Saudi Arabia and the UAE leading the region’s renewable energy charge: S&P Global Ratings
RIYADH: Saudi Arabia and the UAE are leading the region’s fight against climate change by producing 90 percent of the Gulf’s renewable energy, according to S&P Global Ratings.
The US-based agency said that by the end of 2021, installed solar capacity in the two countries surged from 165 megawatts in 2016 to three gigawatts.
This increase helped fuel the renewable energy growth, with the UAE responsible for 77 percent of the output in 2021.
According to the report, Saudi Arabia and the UAE intend to continue making investments in the renewables sector.
“We believe plans to establish a renewables sector could help them in their efforts to achieve their climate goals,” it added.
The ratings agency highlighted the work of the government’s of the two countries, and said: “The UAE and Saudi Arabia have both established public-private partnership frameworks, making project finance an obvious choice for funding deployment.
“As energy transition in the region progresses, we expect to see more renewables projects tapping the capital markets for financing, including a growing number of solar PV projects.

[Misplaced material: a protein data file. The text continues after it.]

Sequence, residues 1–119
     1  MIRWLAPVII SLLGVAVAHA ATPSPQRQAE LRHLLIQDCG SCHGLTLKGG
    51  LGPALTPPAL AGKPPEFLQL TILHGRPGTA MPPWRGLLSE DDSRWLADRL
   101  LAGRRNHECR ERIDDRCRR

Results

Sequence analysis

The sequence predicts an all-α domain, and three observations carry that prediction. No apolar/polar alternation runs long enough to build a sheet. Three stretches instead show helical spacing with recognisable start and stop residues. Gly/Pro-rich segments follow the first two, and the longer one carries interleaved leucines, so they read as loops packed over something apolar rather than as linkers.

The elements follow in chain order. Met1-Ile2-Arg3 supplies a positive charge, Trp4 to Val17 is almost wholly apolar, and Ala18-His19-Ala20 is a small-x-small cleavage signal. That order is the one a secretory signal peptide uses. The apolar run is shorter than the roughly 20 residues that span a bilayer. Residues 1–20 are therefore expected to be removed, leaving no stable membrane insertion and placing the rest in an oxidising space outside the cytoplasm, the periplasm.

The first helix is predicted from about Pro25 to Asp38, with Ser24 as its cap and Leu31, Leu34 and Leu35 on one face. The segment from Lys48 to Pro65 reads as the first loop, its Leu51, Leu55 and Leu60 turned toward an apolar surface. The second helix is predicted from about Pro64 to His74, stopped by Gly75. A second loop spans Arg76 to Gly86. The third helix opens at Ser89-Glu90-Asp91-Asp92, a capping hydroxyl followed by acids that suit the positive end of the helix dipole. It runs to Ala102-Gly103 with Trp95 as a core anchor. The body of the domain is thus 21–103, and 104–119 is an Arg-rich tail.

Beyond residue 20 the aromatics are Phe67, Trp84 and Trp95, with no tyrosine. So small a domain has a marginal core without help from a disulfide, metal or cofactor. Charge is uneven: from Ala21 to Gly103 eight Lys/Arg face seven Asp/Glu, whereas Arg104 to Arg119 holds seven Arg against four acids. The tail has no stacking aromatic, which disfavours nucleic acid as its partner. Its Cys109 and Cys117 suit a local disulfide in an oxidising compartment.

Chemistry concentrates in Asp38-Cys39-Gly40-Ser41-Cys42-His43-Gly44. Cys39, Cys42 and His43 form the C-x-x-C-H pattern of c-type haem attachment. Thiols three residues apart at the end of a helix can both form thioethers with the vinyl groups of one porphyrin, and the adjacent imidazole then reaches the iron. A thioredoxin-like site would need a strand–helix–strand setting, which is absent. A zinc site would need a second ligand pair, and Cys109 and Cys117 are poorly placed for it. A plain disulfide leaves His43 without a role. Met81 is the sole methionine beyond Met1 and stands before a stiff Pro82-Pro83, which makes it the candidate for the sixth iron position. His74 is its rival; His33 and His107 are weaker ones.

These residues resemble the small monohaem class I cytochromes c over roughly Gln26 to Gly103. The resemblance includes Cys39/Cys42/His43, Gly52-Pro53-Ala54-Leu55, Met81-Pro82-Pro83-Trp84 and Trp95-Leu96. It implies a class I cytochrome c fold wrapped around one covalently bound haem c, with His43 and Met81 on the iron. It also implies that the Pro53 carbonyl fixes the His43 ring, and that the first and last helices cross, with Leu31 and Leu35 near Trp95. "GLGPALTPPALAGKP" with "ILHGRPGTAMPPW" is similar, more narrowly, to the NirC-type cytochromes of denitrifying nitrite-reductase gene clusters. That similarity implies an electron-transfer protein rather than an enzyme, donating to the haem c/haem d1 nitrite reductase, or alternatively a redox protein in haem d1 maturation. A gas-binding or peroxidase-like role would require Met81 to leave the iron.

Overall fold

“In our global portfolio of solar PV projects, the key credit qualities include the timing of and budget for maintenance, availability, and good management of solar panel degradation.”
The Kingdom’s most recent update to its Nationally Determined Contribution plan says it intends to reduce, avoid, and remove annual greenhouse gas emissions by 278 million tons of CO2 by 2030.
It is aiming to ensure renewable energy will make up about 50 percent of the energy mix to achieve this target as part of Saudi Arabia’s goal to become a net zero emitter by 2060.
The Kingdom plans on building one of the world’s biggest green hydrogen facilities, which will be powered by over 4 GW of solar and wind energy and will be operational by 2025. The NEOM project’s plant is expected to create 650 tons of green hydrogen per day.
Saudi Arabia is also building more significant wind farms at Yanbu, Wa’ad Al Shamal, and Al-Ghat.
S&P Global Ratings cited comments from the International Renewable Energy Agency in the report that said the Kingdom’s renewable energy generation capacity grew to 443MW in 2021 from 24.3MW in 2016.
According to the UAE’s Renewable Energy Strategy 2050, decarbonizing the power industry is a top priority and by 2050 it plans for 50 percent of energy generated in the country to be from renewable or nuclear sources.